The species' survival tenacity has been compared to that of Hitler's vociferous fighting on seven different fronts, all doomed to failure but never "wrong," though sometimes plagued by adjectives. Often compared to weasel and mongoose, despite reptilian demeanor and cold-bloodedness. Succeeding generations of the species seek larger territory. Scientists differ on whether this mutation represents evolution or intelligent design or a lost meatball from the flying spaghetti monster. Other descriptions hover between Moray eel and, as Dickens might say, a creature that bites its own tail to eat its own hat.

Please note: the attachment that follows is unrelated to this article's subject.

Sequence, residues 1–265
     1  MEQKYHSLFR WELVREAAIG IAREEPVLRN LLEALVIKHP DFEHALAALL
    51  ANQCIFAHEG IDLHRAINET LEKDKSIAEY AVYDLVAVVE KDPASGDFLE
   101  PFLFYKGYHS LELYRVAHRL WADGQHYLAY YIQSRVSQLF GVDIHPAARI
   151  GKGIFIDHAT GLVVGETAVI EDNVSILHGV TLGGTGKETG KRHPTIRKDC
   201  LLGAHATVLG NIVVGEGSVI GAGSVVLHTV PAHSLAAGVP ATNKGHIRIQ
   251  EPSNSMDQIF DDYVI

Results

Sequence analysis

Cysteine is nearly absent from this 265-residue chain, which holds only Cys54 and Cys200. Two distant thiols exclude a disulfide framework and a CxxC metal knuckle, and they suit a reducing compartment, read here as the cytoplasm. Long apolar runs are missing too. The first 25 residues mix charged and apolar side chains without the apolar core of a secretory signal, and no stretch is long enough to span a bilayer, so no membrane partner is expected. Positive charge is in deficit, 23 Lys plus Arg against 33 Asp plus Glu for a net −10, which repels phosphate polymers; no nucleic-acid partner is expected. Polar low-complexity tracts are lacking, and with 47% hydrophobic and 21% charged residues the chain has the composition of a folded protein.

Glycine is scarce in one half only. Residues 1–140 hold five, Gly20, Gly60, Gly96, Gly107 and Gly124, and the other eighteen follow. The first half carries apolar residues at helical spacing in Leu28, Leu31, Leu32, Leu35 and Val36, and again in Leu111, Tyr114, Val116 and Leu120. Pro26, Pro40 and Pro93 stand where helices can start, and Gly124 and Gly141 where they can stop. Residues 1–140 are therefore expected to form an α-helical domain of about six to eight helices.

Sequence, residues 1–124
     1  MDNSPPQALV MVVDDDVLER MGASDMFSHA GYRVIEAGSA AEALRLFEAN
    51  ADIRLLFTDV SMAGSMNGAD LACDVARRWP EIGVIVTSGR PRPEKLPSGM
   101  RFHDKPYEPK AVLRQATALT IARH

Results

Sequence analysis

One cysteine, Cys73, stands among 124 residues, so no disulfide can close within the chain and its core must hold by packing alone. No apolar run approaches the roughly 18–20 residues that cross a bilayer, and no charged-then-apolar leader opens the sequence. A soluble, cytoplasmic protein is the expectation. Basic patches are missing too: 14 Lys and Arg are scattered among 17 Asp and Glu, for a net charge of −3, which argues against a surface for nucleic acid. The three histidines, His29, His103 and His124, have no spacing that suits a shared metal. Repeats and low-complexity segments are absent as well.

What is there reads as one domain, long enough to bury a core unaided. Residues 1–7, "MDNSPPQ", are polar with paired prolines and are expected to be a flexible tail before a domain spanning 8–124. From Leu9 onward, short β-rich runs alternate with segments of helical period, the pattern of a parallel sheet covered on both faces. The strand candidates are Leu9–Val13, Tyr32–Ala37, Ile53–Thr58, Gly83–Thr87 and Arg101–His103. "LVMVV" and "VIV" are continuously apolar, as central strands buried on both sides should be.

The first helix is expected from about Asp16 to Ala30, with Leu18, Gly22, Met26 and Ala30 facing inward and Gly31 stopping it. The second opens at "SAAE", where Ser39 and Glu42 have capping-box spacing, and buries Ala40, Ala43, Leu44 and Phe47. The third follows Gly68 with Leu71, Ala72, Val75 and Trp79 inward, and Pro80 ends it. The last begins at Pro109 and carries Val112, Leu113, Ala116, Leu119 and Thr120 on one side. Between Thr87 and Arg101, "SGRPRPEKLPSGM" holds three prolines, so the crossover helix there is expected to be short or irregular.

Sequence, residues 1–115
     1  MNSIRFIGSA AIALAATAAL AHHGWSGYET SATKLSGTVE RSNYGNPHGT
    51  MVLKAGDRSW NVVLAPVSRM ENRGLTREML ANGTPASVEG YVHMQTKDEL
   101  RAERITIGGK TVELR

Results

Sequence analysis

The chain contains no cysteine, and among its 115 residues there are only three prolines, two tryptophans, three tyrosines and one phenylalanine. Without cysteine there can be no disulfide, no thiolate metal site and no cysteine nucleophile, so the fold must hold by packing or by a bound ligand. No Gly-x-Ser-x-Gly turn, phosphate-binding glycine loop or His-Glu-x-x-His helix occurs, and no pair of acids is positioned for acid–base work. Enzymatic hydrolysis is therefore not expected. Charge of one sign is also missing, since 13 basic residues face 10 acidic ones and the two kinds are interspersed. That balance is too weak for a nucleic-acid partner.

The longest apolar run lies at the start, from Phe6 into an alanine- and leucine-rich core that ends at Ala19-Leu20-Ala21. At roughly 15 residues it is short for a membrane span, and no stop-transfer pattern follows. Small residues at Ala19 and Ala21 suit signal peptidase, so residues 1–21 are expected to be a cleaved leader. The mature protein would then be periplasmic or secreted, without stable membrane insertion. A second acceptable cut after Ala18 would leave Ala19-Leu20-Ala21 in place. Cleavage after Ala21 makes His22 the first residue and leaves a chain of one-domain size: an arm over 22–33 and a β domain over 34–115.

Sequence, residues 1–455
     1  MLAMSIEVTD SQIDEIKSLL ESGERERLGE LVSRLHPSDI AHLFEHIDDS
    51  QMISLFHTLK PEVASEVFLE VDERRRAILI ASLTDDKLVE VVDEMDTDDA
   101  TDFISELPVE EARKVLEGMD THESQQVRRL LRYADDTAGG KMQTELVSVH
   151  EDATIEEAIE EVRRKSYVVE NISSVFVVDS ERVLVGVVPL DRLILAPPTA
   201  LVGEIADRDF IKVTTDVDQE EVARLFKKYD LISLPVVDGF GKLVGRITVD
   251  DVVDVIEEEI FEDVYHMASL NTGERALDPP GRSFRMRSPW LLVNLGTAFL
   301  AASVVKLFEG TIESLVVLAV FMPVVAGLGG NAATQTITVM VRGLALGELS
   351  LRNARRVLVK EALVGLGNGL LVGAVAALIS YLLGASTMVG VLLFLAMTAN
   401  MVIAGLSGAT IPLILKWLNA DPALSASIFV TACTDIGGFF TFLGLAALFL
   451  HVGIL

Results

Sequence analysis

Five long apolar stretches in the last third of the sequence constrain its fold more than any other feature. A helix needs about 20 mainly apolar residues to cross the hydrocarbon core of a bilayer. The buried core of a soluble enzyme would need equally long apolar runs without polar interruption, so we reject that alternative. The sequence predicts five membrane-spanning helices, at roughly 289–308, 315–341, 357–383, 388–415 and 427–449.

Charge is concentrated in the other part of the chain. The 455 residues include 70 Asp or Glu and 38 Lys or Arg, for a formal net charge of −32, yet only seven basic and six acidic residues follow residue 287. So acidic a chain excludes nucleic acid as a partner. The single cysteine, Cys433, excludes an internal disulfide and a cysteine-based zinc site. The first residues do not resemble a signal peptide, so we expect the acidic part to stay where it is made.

Mamatas. About it, dear Kelly Goldberg said, "If Mamatas did not exist, it would be necessary to invent him." Who on this fair Earth could ever dispute god or Goldberg? And Mamatas at its highest evolutionary arc bears an aching (although slightly green) resemblance to Robert Smith during the singer's "Fat Elvis" period. Or was that a question mark?
Mamatas. It's alive.
Feb. 17, 2006
I was doing a story at a third-grade class yesterday, and while waiting for the class to change, I saw on the bulletin board: "Creative Mind's." I desperately fumbled in my coat pocket for a pen to scratch out the offending apostrophe, but, as happens far too often for someone who trades beans for words, I had no writing implement. I was tempted to scratch out the apostrophe with my fingernails, but I have no fingernails in winter, thanks to stresses beyond the power of tai chi and positive visualization.